The Oath on a Sunday and President for a Day

January 20th, 2013

The 20th Amendment provides that the President’s Term of Office ends on January 20, 2013 (though it doesn’t really say when it must begin). But what happens when the 20th falls on a Sunday, when an inauguration is impractical (or immoral, take your pick)?

Such is the case this year. As a precaution (overly abundant in light of what happened in 2009), the Chief Justice will administer the oath to the President on Sunday, January 20, prior to the actual inauguration on January 21.

Of course, what would happen if the President, perhaps due to religious convictions, refused to take the oath on a Sunday. Well it happened before, perhaps. Outgoing President James Polk’s term ended on Sunday, March 4, 1849. His successor, Zachary Taylor, refused to be sworn in on a Sunday. Same for incoming VP Millard Filmore.

So who was the President on Sunday, March 4, 1849?

Under the Presidential Succession statute at the time (the Presidential Succession Act of 1792), after the Vice President, the Senatore Pro Tempore was in line. Under this theory, Senator David Atchison of Missouri would have been the President for the Day. However, Atchinson, was the President Pro Temp during the Thirtieth Congress. This position expired when that Congress adjourned on March 4.

Athcinson was in fact sworn in as President Pro Tempore on Monday before either Taylor or Dallas took the oath, so in theory, he was President for a few minutes.

Alas, no one actually considers Atchinson to have been President. Except for his tombstone.


In any event, how did Atchinson spend his day as Commander in Chief? He told the St. Louis Globe-Democrat,”There had been three or four busy nights finishing up the work of the Senate, and I slept most of that Sunday.”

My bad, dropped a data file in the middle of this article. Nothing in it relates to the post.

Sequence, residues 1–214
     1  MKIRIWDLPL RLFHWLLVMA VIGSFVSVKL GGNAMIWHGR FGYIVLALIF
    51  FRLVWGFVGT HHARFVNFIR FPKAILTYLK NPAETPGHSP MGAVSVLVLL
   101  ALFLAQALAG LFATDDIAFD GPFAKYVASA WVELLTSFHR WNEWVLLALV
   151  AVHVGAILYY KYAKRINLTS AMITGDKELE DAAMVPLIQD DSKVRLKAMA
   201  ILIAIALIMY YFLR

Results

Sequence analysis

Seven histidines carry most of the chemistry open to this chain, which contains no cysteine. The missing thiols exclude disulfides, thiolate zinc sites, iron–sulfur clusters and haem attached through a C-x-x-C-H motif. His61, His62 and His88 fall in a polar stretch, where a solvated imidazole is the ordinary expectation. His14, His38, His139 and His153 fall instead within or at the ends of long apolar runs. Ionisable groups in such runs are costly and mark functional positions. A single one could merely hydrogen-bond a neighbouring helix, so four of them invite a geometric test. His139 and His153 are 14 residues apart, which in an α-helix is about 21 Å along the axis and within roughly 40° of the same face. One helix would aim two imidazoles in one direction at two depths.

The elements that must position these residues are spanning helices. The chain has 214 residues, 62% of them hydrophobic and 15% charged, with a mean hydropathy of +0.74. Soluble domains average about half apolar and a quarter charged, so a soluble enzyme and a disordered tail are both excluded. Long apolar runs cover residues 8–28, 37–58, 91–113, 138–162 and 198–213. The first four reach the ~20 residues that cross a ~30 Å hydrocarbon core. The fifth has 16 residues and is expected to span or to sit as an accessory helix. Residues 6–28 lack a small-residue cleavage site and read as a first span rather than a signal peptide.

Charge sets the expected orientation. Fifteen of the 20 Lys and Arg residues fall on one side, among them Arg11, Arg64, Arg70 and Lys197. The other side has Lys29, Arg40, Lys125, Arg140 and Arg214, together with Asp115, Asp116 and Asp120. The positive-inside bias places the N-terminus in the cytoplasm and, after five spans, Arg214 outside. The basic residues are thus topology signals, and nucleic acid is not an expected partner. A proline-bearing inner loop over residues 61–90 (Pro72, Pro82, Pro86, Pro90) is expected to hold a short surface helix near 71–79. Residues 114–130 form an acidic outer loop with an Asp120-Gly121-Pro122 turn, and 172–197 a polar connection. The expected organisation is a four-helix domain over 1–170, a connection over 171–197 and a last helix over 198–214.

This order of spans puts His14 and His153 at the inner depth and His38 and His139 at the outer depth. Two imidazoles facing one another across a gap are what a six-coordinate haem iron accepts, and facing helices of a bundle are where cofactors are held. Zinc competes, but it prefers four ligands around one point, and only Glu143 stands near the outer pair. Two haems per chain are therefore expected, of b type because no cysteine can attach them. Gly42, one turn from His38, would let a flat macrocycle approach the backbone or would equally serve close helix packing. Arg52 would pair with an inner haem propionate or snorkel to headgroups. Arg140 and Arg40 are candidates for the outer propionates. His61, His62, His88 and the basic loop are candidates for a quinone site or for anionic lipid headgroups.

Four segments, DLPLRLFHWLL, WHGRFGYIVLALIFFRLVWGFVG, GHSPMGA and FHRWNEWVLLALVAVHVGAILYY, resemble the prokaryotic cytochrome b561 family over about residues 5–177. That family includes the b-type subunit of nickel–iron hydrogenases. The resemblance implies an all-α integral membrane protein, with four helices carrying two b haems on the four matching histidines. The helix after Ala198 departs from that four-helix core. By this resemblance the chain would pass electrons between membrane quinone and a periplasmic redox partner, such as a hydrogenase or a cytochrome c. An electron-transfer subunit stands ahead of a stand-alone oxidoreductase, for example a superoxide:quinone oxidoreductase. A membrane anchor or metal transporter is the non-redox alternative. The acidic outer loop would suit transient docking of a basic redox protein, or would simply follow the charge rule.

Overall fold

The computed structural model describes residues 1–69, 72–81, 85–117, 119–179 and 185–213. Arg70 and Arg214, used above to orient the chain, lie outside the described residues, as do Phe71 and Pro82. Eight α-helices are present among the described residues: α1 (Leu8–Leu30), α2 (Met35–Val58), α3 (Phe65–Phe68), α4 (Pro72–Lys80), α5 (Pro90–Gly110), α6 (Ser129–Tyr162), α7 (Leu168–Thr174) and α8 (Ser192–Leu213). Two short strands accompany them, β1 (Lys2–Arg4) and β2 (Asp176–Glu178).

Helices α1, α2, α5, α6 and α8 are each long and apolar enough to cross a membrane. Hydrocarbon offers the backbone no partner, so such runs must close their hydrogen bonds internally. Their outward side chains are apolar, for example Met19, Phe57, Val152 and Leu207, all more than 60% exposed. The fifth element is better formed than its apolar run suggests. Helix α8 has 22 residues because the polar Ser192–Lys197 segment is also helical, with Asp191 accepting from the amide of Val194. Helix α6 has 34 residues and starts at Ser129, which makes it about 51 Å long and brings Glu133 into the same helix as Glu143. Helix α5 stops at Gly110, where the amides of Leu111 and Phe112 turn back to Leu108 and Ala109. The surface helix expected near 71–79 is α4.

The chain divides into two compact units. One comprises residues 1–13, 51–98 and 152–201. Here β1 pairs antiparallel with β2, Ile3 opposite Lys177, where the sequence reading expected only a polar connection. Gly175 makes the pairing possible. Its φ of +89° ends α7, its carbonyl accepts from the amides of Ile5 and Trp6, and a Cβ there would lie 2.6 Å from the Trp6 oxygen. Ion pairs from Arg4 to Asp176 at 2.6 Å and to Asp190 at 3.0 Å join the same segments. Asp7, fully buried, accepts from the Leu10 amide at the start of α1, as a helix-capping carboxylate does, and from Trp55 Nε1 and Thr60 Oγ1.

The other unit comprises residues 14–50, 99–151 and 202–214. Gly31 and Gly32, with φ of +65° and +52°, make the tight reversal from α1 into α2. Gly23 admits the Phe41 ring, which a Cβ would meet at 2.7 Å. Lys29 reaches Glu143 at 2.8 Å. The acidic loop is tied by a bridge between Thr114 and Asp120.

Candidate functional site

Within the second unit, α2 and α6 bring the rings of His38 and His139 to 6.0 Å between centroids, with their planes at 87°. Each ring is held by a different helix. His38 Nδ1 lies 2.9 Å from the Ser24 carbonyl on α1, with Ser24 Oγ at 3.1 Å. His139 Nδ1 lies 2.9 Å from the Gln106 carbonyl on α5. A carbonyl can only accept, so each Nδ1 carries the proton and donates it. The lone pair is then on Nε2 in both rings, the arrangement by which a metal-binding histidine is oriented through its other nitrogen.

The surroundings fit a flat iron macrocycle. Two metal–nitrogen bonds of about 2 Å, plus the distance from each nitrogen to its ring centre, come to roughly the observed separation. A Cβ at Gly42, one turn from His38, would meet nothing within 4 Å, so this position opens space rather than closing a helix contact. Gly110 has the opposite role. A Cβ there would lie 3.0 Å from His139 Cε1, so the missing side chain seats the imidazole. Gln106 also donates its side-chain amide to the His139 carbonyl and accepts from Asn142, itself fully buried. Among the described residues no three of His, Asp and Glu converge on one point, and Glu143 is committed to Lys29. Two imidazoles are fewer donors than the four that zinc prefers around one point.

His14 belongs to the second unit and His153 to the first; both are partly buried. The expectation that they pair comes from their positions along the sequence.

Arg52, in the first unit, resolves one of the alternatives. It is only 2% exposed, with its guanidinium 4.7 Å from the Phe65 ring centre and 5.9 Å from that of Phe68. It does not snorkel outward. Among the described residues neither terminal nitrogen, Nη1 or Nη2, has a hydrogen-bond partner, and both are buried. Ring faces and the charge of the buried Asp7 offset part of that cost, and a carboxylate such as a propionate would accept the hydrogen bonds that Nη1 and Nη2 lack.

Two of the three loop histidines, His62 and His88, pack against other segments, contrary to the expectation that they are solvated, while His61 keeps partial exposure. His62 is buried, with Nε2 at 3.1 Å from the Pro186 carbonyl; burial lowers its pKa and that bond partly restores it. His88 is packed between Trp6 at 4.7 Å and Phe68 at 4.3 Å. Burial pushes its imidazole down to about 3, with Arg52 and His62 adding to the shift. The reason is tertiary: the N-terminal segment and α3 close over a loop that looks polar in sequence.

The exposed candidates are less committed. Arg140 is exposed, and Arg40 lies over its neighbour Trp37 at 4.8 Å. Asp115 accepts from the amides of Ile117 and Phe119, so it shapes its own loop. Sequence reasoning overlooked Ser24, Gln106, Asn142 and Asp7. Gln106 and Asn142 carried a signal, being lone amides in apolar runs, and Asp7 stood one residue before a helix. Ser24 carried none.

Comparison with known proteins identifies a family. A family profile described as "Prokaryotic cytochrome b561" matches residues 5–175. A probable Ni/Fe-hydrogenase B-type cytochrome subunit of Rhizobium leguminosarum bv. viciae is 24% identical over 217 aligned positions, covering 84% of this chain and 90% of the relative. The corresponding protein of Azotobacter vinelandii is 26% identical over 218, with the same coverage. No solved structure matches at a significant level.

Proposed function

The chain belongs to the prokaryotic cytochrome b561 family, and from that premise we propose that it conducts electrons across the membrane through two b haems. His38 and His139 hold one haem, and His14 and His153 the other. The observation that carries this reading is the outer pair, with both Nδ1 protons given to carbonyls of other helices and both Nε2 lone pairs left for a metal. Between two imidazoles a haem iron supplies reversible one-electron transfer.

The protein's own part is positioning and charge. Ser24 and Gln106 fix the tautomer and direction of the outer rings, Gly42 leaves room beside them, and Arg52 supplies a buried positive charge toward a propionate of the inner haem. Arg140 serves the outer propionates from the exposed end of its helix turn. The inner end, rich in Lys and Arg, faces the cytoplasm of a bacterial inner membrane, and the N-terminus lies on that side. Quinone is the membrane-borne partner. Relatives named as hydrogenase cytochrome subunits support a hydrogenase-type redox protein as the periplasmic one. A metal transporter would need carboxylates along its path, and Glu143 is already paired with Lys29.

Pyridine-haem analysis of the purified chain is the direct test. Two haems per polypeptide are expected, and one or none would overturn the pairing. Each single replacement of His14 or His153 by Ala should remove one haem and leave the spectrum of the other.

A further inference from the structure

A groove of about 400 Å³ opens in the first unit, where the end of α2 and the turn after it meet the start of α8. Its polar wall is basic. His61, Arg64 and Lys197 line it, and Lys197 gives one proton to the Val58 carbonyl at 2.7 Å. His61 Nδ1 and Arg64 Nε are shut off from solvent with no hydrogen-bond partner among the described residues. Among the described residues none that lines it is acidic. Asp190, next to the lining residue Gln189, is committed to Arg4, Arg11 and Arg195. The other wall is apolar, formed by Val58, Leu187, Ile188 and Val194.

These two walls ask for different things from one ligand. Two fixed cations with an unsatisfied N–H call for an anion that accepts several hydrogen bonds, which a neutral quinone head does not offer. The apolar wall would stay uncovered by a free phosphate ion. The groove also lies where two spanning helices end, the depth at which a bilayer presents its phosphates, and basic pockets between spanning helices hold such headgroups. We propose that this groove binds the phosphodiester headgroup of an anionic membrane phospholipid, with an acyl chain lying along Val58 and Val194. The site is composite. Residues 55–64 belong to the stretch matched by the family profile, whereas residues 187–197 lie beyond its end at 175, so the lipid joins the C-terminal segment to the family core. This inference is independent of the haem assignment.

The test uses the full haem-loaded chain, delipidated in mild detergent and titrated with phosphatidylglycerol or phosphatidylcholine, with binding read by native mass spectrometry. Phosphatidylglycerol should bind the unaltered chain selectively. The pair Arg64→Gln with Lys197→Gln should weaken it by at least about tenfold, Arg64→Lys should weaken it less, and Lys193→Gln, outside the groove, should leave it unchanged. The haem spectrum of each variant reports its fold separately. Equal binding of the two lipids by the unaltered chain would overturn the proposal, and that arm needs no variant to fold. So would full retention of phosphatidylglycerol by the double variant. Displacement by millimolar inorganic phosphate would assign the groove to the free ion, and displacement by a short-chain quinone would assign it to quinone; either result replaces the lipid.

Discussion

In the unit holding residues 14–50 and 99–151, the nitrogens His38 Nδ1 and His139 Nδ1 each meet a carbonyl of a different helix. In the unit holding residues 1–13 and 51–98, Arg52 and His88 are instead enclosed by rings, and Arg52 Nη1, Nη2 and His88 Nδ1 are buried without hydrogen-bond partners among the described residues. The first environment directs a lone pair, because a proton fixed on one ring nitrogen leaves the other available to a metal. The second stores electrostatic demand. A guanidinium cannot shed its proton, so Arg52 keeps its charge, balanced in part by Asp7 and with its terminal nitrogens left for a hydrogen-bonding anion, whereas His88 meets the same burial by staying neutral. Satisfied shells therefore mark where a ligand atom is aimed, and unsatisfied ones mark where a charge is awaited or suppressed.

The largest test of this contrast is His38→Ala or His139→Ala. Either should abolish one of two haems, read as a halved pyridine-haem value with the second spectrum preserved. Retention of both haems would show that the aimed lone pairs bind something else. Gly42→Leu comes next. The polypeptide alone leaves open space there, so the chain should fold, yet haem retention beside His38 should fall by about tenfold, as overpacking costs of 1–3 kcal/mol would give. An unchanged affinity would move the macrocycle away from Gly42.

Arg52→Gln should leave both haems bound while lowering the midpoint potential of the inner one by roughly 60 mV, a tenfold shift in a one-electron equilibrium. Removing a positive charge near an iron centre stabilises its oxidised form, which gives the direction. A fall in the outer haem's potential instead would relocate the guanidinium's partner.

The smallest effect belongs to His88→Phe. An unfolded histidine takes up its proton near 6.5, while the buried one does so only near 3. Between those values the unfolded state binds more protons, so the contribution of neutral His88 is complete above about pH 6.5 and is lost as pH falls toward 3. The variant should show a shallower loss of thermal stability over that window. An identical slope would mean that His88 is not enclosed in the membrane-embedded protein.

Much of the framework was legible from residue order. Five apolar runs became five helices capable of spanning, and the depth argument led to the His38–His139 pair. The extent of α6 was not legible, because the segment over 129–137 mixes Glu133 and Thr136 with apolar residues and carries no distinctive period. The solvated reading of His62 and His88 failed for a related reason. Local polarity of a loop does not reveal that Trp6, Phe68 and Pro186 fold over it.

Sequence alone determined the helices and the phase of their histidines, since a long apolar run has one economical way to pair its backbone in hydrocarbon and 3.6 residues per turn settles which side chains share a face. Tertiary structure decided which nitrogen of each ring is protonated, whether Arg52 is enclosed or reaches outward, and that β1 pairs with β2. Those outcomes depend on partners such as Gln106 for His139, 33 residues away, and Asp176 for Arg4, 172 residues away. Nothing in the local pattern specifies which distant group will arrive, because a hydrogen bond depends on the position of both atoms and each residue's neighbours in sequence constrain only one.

Indeed, because of Justice Sotomayor’s important book signing, Biden will be taking the Oath of the Presidency hours before Obama. Thus, between 8:00 a.m. and noon, Biden will be President.  In fact, there would be a President Joe Biden, and two Vice Presidents Joe Biden. Well played Sotomayor, well Played.

Oh, and while I am on the topic, for those who say the Constitution makes no references to religion, please point them to Article I, Section 7.

If any Bill shall not be returned by the President within ten Days (Sundays excepted) after it shall have been presented to him, the Same shall be a Law, in like Manner as if he had signed it, unless the Congress by their Adjournment prevent its Return, in which Case it shall not be a Law.

Yes. The Constitution specifically countenances that a President, who observes the Sabbath on Sunday, should not be penalized for failing to return a bill. Alas, a Jewish President would be a day late and a dollar short. However, the 20th Amendment contains no exception for Sunday, so we are stuck here.

Also, Tim Sandefur raises an interesting bit of trivia:

Pres. Obama will be the only president other than FDR to be sworn in four times. He was sworn in twice because of the mistake last time around, and because Inauguration Day falls on a Sunday this year, he’ll be sworn in on Sunday and then again at the ceremony Monday.

Let’s hope the Chief gets it right. Though, as Adam Liptak reports, When asked about the Chief Justice Administering the oath of office, which he had notoriously flubbed in 2008,  Robert Gibbs,Obama’s press secretary, said “Given health care. I don’t care if he speaks in tongues.”

Update: Will Baude points me to a great article by Jaynie Randall, titled “Sundays Excepted.”

This Essay offers a historical account of the Sunday exception and argues that rather than endorsing religious observance, the Sunday exception reflects two related principles: a deliberation principle and a federalism principle. First, the Framers afforded the President a ten-day period (Sundays excepted) for the consideration of bills; this was a longer period than those contained in the two state constitutions which granted an executive veto in 1787. 16 The ten-day period reflects the Framer’s conception of a deliberative President, one who relied on advisors and collaborated with Congress in wielding his negative. Second, the Sunday exception reflects the fact that each of the thirteen colonies had Sunday laws (commonly called Blue Laws) 17 of various types at the time of the Constitutional Convention. 18 Many of these statutes prohibited labor and travel on Sundays. 19 Thus, in order for the President to deliberate and to call upon the aid of his advisors without violating these laws, the Constitution needed an exception from the brief period allowed for executive deliberation.